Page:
Greenhouse a welcome addition for Moses Lake gardener
Justin Henley, a Moses Lake resident, was finally able to install the greenhouse over the summer that he purchased a few years ago. With some extra time off work this summer due to COVID-19, he finally had the time to assemble the building behind his home.
Casey McCarthy/Columbia Basin Herald
Upside-down hanging tomato plants are one of the first additions to the new greenhouse for Justin Henley of Moses Lake after recently installing the new building in his backyard.
Justin Henley, of Moses Lake, showcases some of the plants and features inside his new greenhouse he was able to install behind his home over the summer on Wednesday, Sept. 30.
Peppers are one of the main things Justin Henley of Moses Lake is hoping to keep as a perennial plant inside his recently installed greenhouse instead of starting fresh each spring.
Staff Writer | October 4, 2020 1:00 AM
MOSES LAKE — Justin Henley says he purchased his greenhouse about two years ago but never had the time to assemble it until this summer. After two years of seeing the massive box sit on his back porch, he was finally able to assemble the new building in his backyard.
“I just put it together this summer. I’ve put some plants in it a couple of weeks ago when the weather started to cool off a little bit,” Henley said. “It’s actually too hot now, it gets to about 30 degrees above ambient temperature when the suns out in the greenhouse.”
Henley described himself as an experimental gardener who has seen his planting and garden size grow each year since it first started. Having some time off from work due to COVID-19 gave him the time he needed to put the project together, he said.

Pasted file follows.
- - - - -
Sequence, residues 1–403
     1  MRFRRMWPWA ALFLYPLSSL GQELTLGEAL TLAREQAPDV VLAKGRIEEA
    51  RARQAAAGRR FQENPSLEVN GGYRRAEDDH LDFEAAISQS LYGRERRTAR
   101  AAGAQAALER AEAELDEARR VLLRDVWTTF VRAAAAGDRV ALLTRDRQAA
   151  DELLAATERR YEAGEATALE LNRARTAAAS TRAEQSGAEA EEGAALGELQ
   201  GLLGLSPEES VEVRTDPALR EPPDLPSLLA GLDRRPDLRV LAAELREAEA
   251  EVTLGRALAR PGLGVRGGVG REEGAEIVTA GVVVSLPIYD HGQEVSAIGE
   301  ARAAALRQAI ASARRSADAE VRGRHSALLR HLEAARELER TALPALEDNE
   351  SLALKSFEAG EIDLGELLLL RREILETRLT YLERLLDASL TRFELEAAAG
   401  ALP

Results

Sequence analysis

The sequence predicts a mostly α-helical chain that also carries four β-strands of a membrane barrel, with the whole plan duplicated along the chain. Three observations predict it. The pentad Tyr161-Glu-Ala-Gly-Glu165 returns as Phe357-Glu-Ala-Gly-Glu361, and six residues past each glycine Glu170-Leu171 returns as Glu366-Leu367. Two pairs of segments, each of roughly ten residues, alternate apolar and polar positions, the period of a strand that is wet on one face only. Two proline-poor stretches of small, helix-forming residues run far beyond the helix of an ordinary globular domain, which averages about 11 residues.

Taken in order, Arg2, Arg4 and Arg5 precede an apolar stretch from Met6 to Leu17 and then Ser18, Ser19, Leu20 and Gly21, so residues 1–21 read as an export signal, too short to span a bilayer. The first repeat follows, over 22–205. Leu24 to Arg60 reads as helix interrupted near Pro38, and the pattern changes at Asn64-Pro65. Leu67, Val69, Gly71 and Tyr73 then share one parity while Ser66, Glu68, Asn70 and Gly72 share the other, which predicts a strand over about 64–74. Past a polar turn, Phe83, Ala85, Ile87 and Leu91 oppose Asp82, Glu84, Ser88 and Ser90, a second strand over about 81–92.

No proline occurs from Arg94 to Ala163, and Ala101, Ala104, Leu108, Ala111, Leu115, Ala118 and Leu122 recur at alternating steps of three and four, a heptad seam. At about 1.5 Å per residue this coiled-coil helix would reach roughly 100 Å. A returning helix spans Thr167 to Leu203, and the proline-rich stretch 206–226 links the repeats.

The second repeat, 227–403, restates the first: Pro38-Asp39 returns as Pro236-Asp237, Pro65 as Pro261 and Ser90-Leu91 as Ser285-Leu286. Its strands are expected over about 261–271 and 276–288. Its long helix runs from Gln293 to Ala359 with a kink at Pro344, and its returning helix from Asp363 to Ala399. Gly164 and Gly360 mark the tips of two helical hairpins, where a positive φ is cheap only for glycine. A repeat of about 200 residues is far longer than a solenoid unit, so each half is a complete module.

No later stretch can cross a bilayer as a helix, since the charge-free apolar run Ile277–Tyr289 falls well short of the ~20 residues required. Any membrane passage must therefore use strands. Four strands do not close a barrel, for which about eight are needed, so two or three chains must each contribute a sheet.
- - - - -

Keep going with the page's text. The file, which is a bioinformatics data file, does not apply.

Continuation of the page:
The project took about three days to complete, with an extra day to prep the ground for the building installation. Determining the location for the new building was a key factor in the installation process, he said.
“Make sure that you’ve got an area that gets full sun all day. Ideally it’s south-facing so that the south side has no obstructions,” Henley said. “Make sure, with the winds we have here, that you’re installing it properly.”
A few modifications were made to make sure the structure was secure, Henley said, including some tips he’d found from reviews other people had posted online. For example, metal screws were used to secure the paneling to the aluminum framework instead of relying on the spring clips that hold the panels in place, he said.
Further additions are planned as well to assist with temperature control in the greenhouse in the winter and next summer.
“I plan on using propane heat this winter, as well as passive heating with black barrels filled with water that will help keep ambient temperatures sustained,” Henley said. “In the spring and summer, I plan to put a larger solar-powered fan in the greenhouse that will run during the day when the sun’s out to keep the temperature down during the day.”
Henley said he has considered adding a thermostatic controller as well if necessary to maintain temperatures better within the greenhouse.
With his new greenhouse installed, he said, he hopes to to extend his growing season to nearly year-round. Tomatoes and peppers are his number one goal, with hopes of having his pepper plants become perennials instead of being replanted each year.
“My ultimate goal is to grow food year-round, if nothing else, to sustain my family of three with salad and salsa,” Henley said. “My wife wants me to do flowers. I want to be able to keep some sub-tropical perennials that wouldn’t survive the hard freeze.”
In past years, he said, the front room of his home and his garage have both turned into “makeshift greenhouses” in early spring to get a jump start on the growing season.
He also put shelves full of plants in the front room of his home.
He laughed as he explained that his wife is very much looking forward to not having the front room become a “greenhouse” each year.
Casey McCarthy can be reached via email at email@example.com.